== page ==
The Finches

Quick warning: This post contains spoilers for Issue 36 of the New 52 Wonder Woman

I just finished issue 36 of the New 52 Wonder Woman, starring the team of Meredith and David Finch.  After the wonderful, strong, dynamic, mythology-filled epic by Cliff Chiang and Brian Azzarello, I’m disappointed.  Wonder Woman no longer looks or acts like the strong, capable–yet flawed in an oh-so-human way–woman of issue 35.  Now, she looks like a pouty 16-year-old.  Her curves, colors and highlights give her an almost soft-core look, especially when they’re juxtaposed with Chiang’s angular style.  Also, her attitude is almost completely different.  She picks a fight with Swamp Thing just for seeing him in the vicinity of the village, and her excuse is “I’m stressed and angry about the dead villagers.”  While I do think showing her vulnerability and the amount of pressure she feels can be an excellent tool to tell her story, I don’t feel this was a good use of the material.  She went from slightly dysfunctional woman capable of holding her own against the First Born and everyone else in the pantheon with wit as much as brute strength to girl who doesn’t know how to read a situation before attacking a somewhat innocent bystander.  She’s the god of war.  War is strategy as much as might.  By the end of issue 35, she showed her abilities as a true leader of war.  Now, they threw her back to the starting gate?

Despite my misgivings, I will still read at least the next two issues.  Part of my reason for possibly cutting Wonder Woman from my pull list is financial.  I have less disposable income, and I will probably lose even more in the coming months.  Less income for me means saving my $3 plus tax each month and subsequent storage costs for a comic I don’t like as much anymore.  I thought about cutting it before, but I loved the gods and goddesses arc.  I could care less about the Justice League or Superman when I read Wonder Woman’s title.  Yes, her story is part of theirs, but I don’t want them to overpower her in her own comic.

Good luck, Finches.  Please make a liar out of me.

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Single Dilemma

Today was another day where someone told me I was going to “find a man.”  It was my grandma.  She said she would only have so much time with me because “one day a man is going to come in here and sweep you off your feet.  Then, we won’t see you no more.”. I said I would leave on my own before a man made me do it.  She said “oh yeah” in a disbelieving, slightly surprised sort of way, but she’s hard of hearing.  She could have replied to anything she thought she heard.

I am twenty-seven years old, and I have heard these types of remarks from family members and strangers on so many occasions, I can’t count them anymore.  Sometimes, it feels like my life is teeming with people ready to tell me what my romantic life should be.  Even the dating site ads seem more aggressive.  Fortunately, it seems friends are immune to this growing disease.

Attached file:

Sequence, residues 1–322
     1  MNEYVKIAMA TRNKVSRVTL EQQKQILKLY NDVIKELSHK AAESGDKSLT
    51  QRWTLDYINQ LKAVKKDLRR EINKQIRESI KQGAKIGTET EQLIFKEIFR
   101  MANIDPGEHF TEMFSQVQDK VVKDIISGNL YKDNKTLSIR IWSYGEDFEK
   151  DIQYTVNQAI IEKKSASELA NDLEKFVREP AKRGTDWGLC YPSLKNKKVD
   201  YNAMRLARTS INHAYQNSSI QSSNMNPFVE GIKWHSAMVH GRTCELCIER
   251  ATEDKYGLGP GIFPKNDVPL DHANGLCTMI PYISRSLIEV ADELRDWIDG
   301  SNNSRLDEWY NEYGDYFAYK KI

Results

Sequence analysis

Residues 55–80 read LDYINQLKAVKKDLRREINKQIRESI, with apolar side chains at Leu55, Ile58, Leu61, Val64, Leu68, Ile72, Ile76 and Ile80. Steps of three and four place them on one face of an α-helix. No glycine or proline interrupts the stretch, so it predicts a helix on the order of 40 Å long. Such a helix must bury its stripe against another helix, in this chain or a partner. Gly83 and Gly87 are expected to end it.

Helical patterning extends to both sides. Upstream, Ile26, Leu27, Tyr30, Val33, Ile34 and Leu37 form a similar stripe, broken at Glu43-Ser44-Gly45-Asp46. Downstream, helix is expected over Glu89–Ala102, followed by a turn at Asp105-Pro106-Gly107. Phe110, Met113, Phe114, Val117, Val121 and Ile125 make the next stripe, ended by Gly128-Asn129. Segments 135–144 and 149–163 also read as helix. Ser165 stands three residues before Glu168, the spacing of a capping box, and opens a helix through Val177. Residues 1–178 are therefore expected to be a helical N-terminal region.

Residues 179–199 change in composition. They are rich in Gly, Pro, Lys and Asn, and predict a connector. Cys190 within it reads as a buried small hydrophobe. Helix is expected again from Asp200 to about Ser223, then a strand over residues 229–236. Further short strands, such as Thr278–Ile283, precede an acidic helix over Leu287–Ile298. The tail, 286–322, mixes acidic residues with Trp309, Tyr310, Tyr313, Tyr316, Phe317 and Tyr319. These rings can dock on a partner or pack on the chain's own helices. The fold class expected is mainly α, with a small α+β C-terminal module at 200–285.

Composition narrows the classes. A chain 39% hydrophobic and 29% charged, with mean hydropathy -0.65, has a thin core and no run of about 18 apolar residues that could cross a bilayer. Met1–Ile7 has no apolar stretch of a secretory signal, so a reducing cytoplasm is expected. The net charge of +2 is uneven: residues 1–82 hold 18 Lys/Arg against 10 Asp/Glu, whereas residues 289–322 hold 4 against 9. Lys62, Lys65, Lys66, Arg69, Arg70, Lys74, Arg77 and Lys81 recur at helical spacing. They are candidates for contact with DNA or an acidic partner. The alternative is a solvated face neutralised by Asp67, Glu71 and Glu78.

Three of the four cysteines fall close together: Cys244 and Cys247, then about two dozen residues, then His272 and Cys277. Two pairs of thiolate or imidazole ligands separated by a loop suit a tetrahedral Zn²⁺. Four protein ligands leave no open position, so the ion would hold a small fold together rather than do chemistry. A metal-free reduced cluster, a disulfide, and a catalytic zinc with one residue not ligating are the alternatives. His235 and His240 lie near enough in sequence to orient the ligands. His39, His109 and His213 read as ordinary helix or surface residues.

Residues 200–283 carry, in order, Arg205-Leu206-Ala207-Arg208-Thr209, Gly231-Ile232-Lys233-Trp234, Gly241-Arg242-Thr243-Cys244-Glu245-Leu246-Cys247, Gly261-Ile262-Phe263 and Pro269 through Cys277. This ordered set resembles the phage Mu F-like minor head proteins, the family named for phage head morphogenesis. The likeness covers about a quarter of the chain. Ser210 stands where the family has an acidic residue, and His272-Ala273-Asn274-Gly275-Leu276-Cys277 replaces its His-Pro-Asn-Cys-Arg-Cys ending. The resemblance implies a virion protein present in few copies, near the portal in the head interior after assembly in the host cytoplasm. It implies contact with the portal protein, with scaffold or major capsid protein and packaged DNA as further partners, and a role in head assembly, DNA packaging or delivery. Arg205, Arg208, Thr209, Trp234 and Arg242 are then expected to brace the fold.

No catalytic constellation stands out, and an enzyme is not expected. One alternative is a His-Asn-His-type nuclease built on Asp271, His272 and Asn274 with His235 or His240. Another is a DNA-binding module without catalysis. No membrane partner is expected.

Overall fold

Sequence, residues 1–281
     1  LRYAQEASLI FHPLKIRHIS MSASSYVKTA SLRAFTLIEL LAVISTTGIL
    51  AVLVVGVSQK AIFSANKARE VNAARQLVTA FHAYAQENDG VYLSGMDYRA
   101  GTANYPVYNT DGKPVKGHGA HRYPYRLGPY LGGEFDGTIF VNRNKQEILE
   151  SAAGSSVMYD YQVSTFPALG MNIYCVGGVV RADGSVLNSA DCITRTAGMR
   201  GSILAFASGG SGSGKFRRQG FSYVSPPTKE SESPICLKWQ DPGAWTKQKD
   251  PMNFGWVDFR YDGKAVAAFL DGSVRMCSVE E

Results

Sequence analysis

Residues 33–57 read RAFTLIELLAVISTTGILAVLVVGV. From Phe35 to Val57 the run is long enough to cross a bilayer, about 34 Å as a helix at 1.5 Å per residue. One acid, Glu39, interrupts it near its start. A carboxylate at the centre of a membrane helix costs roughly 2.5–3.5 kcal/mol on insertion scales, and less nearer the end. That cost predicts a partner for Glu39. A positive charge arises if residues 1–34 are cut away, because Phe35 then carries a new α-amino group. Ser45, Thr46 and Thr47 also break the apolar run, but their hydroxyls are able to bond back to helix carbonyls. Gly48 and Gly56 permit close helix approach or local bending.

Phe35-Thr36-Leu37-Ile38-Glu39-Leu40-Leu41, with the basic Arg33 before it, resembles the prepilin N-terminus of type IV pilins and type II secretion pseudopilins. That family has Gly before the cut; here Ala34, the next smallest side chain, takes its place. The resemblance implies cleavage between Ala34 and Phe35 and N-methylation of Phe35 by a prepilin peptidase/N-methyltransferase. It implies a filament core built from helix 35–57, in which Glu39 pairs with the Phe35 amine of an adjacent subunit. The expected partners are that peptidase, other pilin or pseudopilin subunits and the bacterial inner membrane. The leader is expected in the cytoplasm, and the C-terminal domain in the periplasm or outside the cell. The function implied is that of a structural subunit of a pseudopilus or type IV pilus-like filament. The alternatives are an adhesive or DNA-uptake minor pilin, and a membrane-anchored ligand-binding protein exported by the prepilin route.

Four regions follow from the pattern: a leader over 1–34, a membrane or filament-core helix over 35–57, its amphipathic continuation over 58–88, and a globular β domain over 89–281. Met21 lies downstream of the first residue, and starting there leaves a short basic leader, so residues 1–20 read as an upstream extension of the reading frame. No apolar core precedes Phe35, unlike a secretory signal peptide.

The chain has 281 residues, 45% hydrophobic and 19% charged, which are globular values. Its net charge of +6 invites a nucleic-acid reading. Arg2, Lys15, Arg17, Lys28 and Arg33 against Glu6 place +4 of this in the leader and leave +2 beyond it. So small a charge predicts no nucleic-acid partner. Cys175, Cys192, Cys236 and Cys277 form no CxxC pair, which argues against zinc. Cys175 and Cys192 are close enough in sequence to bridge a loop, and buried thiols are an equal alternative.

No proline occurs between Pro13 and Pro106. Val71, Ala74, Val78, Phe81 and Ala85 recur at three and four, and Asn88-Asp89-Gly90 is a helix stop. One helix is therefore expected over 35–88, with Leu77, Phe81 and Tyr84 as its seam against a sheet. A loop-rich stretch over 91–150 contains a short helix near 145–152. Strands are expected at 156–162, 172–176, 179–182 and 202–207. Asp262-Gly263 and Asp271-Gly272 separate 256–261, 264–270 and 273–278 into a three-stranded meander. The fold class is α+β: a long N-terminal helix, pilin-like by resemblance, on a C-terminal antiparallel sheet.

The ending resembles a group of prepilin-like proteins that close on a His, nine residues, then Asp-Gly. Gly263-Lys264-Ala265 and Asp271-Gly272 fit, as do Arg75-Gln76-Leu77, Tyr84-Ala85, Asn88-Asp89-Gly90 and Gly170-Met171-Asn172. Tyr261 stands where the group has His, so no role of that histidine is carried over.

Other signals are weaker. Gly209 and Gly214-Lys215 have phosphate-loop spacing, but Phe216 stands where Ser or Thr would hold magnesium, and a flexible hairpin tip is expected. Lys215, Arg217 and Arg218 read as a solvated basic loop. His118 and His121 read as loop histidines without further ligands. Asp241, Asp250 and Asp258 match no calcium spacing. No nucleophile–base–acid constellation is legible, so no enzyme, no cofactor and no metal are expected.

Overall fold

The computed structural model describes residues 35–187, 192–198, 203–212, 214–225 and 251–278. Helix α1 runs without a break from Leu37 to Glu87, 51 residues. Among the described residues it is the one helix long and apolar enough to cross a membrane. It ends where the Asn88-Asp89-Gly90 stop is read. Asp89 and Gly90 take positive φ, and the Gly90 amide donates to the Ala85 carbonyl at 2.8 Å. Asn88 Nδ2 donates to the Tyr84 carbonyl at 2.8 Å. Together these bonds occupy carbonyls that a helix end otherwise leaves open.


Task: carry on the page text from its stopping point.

When I encounter one of these people, I remember a conversation I had with a young woman–she was in her early 30s–in an airport about her recent divorce.  She was moving to San Francisco for a new job.  Like me, she was from a small town–one very close to mine–and, despite her excellent career as a nurse, people constantly hounded her about not being married and turning into an old maid.  One day, she met a man who seemed nice enough, so she rushed into marrying him.  She had a few misgivings, but she chalked them up to nerves.  A month or two into their marriage, he tells her that he is going to date other women, but they’re going to stay married.  Naturally, she objects.  He starts verbally abusing her.  Eventually, the verbal abuse leads to him hitting her.  So, she leaves him, takes out a restraining order, and moves in with her mother.  Of course, he keeps up his pleasing façade with their acquaintances, and some of them still believe he isn’t the abusive monster he is in private.  Anyway, she told me he started following her in spite of the restraining order, which added one more reason to move out of town besides the joy of traveling.

Anyway, the point of the story is she let people pressure her into a bad situation, and it caused her more grief than if she stayed single her entire life and became an “old maid.”. I know some people do find happiness in marriage or with a partner of some sort, and I know others, like the woman from the airport, find additional grief instead of a respite from the rest of the world.  Sometimes the grief leads to a situation with a better partner.  Sometimes, it doesn’t.  Either way, it’s important to block those “well-intentioned” voices and do what you need to do.

There is still a lot of pressure for young women to marry.  I humbly request that the matchmakers, the do-gooders, and the family members and perfect strangers who don’t know when to keep their wide and long noses out of other people’s business keep their unwanted opinions to themselves.  With all this pressure, we women–and some young men–are ready to burst from abuse.